Podcasts & RSS Feeds
Most Active Stories
- This ballot proposal is critical to Michigan's economy, but most people won't bother to vote on it
- What explains Michigan's large Arab American community?
- Some think their immigrant ancestors were the last that should be allowed in the U.S.
- Michigan Republican Party's tactics remind me of Watergate, because both were unnecessary
- Michigan's campaign for governor gets weird as Republicans deploy spyglasses
Politics & Government
Tue May 20, 2014
Committee vote expected in Detroit aid agreement
There could be a first vote tomorrow in the Legislature on an almost $200 million deal to aid the city of Detroit. Mayor Mike Duggan was one of those who testified prior to the historic vote. Duggan says, overall, he supports the plan.
“I want you to be comfortable we’re not going to be coming back in two years, four years, six years – that we’re going to solve this once and when we do solve it once, you’re going to be proud of how progress is made,” Duggan told the House Committee on Detroit’s Restructuring and Michigan’s Future.
But Duggan asked for a few changes. Specifically, he’d like a clear path to get the city out from under state oversight if it’s properly managing its finances.
“I think, in my mind, that’s fair. All we want is a clear opportunity to run our city efficiently, earn our way out of control period.”
Duggan says he wouldn’t object to triggers that would resume state oversight if deficits re-appear.
The package would clear the way for the state to provide about $195 million dollars to the negotiated bankruptcy settlement. That would partially protect pension benefits, and shield works owned by the Detroit Institute of Arts from the auction block.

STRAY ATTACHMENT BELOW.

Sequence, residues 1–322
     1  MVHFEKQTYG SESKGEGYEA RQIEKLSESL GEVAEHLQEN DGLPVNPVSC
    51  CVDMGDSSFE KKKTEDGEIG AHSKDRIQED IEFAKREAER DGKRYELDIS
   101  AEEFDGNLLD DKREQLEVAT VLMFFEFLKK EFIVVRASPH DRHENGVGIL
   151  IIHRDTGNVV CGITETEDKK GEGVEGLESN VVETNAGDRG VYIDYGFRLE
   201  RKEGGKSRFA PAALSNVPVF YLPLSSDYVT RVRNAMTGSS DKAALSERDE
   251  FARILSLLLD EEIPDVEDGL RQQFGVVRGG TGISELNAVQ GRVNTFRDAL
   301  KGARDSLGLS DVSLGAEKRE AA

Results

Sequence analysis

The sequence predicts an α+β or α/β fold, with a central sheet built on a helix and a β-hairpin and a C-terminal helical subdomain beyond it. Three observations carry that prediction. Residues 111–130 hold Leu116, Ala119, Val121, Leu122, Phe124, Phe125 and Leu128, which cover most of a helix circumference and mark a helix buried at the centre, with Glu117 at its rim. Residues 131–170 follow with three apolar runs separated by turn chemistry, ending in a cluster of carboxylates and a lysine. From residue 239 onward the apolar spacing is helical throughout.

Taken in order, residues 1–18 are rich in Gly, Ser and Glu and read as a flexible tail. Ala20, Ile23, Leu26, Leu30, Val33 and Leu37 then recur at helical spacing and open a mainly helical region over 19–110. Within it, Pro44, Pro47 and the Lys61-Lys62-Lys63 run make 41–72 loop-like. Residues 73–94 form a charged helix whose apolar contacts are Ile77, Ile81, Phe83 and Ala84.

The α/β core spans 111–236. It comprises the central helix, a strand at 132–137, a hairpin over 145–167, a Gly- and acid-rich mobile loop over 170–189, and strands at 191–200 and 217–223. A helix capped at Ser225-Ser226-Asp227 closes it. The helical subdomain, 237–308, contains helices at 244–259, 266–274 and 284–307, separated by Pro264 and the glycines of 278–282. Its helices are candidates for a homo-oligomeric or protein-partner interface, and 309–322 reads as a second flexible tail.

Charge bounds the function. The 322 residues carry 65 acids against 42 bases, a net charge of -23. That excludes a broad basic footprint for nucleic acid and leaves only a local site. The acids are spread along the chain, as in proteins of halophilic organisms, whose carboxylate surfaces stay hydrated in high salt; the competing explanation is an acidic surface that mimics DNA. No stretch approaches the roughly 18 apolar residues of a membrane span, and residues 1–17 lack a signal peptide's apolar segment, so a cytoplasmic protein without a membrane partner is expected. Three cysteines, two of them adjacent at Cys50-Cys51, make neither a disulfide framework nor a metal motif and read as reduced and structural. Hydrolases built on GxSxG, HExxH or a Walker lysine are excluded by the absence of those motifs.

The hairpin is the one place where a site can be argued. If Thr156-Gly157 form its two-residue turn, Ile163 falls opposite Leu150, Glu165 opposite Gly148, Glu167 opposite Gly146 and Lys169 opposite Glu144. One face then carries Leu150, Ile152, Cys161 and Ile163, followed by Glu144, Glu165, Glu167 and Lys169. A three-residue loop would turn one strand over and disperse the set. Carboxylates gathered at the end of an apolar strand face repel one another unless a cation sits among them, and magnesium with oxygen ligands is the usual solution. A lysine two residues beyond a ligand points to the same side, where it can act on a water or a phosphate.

Still, some Detroit lawmakers say they’re still unconvinced this is a good deal for the city, especially the continued state oversight post-bankruptcy. Some other lawmakers say they’re unconvinced it’s a good deal for the rest of Michigan’s taxpayers. But the deal’s backers say it’s necessary to allow the city and the state to move past Detroit’s bankruptcy.
Former New York Lieutenant Governor Richard Ravitch was among those who testified. He’s considered the architect of the New York City bailout 40 years ago. Ravitch is working as an unpaid advisor on the Detroit bankruptcy.
He says Detroit’s situation is dire, but there are other cities across the nation that are also facing serious financial troubles.
“Believe me, the whole country is watching what happens here,” he said. “All of us who believe in cities and see the future of America and the growth in our population take place in the urban centers want to see this be a success.”
Politics & Government